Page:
Risen 2: Dark Waters Review
Developer: Piranha Bytes / Publisher: Deep Silver / Played On: PC / Price: $49.99 / ESRB: Mature [Blood, Strong Language, Use of Alcohol, Violence]
What would you expect in an RPG about pirates? Swashbuckling enemy pirates and sailing the high seas? Would you pillage villages and swab the poopdecks? Perhaps you’d swig pints of rum and dig up buried treasure?
While those experiences ring true for the pirate game I had in mind, I can’t say that the same fully applies for Risen 2: Dark Waters. While you will down your fair share of rum and dig up a few chests of booty on your adventure, you’ll spend more of your time unraveling the mysteries of the southern seas and the people inhabiting them.
Additionally, due to the linear progression of your character and his storyline, Risen 2 doesn’t feel much like the RPG it really wants to be — mostly because it’s more like a linear pirate adventure with hints of RPG design in its roots.
The story of Risen 2 takes place several years after the first game, with all humanity fighting for existence in the wake of unending sea monster attacks. These creatures have begun attacking supply ships, effectively cutting off resources to major safe havens like the city of Caldera.
You play as the unnamed hero from Caldera, bent on finding a solution to the madness after he hears that the pirates of the southern seas have found a way to stop these creatures of the deep once and for all.
To do so, you join the pirate ranks under Captain Steelbeard, acquire their knowledge, and seek out ancient artifacts scattered about the many islands, which you then use to take down the oceanic threats.
You meet quite the variety of people–from natives to soldiers of the Spanish Inquisition, to drunken sailors to scurvy-ridden pirates to the undead in the underworld.
Many of these names and faces are easily forgettable. Not to say that every individual character you meet should have a significant impact on you or your story, but it is a shame that some of the more major players in the plot don’t have as much of an emotional effect as you’d expect in a story-driven adventure.
However, there were several NPCs that didn’t follow this notion — one in particular on the Isle of Thieves is the most comical character in the game. It’s sad that only one of the characters in Risen 2 really had me laughing, seeing as how so many of the characters attempt to deliver funny dialogue throughout.
While the story itself grows very dark quite quickly, there are fine layers of humor laced around many of the character interactions you meet. The lines of dialogue themselves are wholeheartedly cheesy, but suitably pirate-based to fit the theme.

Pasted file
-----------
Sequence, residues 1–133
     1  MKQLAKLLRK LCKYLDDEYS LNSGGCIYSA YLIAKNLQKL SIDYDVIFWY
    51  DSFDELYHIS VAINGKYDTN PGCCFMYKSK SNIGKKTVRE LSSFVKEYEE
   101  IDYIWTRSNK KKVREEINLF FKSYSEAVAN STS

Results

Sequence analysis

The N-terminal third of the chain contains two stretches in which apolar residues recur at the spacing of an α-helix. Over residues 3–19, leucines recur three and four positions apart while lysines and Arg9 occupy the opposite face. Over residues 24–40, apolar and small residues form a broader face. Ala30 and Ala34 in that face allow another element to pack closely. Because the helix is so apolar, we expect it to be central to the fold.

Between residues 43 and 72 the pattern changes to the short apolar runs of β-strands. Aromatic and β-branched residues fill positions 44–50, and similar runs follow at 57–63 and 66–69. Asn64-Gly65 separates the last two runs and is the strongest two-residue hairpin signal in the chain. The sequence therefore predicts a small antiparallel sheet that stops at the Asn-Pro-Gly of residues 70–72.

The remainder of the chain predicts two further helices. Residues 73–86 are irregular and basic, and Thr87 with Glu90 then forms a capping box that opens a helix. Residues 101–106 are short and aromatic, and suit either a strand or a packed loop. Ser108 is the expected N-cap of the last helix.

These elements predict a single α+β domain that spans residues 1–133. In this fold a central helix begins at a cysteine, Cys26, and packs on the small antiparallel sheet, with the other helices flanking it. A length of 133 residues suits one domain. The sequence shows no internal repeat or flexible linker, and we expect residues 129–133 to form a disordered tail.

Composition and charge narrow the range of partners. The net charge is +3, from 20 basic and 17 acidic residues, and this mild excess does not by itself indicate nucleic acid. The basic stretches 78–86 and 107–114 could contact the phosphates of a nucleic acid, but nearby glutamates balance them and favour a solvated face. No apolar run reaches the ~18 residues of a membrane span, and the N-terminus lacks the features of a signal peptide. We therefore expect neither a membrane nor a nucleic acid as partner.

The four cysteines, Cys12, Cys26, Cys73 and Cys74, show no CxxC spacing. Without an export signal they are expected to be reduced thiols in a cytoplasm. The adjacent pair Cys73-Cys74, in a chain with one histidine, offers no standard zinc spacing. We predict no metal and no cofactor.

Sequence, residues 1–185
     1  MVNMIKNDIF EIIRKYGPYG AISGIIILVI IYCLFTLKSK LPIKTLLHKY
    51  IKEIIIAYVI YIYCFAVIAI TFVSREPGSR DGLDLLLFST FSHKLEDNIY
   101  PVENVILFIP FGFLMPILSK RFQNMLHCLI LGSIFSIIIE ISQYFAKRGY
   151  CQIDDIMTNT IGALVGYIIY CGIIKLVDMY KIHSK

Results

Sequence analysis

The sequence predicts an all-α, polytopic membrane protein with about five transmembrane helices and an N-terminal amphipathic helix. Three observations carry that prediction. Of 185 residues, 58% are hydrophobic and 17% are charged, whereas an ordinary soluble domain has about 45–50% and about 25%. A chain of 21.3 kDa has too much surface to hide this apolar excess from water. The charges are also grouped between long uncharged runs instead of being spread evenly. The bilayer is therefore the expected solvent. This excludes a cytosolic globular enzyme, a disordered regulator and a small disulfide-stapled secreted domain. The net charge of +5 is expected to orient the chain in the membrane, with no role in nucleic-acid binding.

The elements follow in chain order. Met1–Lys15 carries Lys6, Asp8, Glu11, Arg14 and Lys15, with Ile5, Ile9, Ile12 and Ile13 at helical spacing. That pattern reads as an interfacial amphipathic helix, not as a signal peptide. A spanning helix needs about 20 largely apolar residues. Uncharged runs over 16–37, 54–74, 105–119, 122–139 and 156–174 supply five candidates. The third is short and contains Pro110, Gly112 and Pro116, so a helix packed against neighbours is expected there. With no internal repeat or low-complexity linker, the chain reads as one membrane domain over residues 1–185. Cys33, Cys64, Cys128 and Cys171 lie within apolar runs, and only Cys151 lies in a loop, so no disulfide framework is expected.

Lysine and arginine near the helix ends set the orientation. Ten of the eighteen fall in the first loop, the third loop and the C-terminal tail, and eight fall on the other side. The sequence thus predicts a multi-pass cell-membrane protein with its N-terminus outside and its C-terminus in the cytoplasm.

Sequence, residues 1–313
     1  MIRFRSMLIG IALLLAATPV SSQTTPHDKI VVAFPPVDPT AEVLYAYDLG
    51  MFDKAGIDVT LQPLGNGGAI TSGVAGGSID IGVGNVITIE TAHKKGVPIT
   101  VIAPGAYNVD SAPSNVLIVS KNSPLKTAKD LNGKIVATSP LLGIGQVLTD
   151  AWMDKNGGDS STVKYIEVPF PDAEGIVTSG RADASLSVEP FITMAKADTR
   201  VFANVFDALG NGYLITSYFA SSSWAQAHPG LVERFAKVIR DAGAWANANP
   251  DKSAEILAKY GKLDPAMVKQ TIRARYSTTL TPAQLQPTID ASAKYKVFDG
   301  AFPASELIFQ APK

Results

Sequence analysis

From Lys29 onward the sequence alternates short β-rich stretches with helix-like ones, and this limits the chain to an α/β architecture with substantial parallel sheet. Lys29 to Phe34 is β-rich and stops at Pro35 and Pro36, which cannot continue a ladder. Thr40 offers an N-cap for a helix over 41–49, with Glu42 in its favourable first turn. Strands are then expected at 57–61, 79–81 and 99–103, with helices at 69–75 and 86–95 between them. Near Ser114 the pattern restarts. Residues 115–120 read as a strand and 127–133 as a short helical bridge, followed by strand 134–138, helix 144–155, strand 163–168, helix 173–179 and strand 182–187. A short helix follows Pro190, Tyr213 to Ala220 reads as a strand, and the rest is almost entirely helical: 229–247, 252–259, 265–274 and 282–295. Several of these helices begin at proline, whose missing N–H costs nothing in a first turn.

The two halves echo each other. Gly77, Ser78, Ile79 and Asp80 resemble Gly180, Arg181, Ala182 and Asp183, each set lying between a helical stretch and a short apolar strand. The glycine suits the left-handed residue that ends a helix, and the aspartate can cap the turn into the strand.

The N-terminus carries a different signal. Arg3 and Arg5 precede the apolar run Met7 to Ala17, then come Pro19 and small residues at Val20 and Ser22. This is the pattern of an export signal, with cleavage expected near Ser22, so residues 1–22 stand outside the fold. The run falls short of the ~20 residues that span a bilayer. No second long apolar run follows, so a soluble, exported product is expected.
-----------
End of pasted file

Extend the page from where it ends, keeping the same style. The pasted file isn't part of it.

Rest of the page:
As fleeting as they are, Risen 2‘s story has its moments of charm.
Put simply, the beginning of the game is slow on the uptake — more specifically, the first few hours are pretty rough, having you slog through fetch quests and lengthy conversations of narrative-setting dialogue. The game does get more interesting, but there weren’t many jaw-dropping moments of note.
Of the entire game’s plot though, it’s in the ending where you really feel like a badass pirate–which is a shame, because you really should feel like a badass pirate earlier on.
On the note of pirate badassery, it’s important to point out that while the theme and environments in Risen 2 are suitably tropical, you won’t find yourself performing as many pirate-related activities as you might think.
While you will swashbuckle with your enemies, dig up some buried treasure, and drink rum like it’s going out of style, these are pretty much the extent of your pirate experiences. Granted, you’ll climb aboard your ship and set sail for new islands from time to time, the entire experience is merely a loading screen.
Aside from that, you spend most of your time running fetch quests for NPCs, performing voodoo spells to unlock ancient tombs to take over and control your enemies, as well as fighting mercilessly difficult wildlife like panthers, giant crabs, cave bats, warthogs, and killer monkeys. Trust me when I say you will slay your fair share of killer monkeys.
Put simply – as much as the game told me time and time again that I was a pirate, I just didn’t feel much like one.
At the outset you’re fairly weak, but as you level up, purchase new fighting abilities, and increase your strength, you can handle the brutally difficult characters (and it helps to drop the lot of your experience points into the blade category.)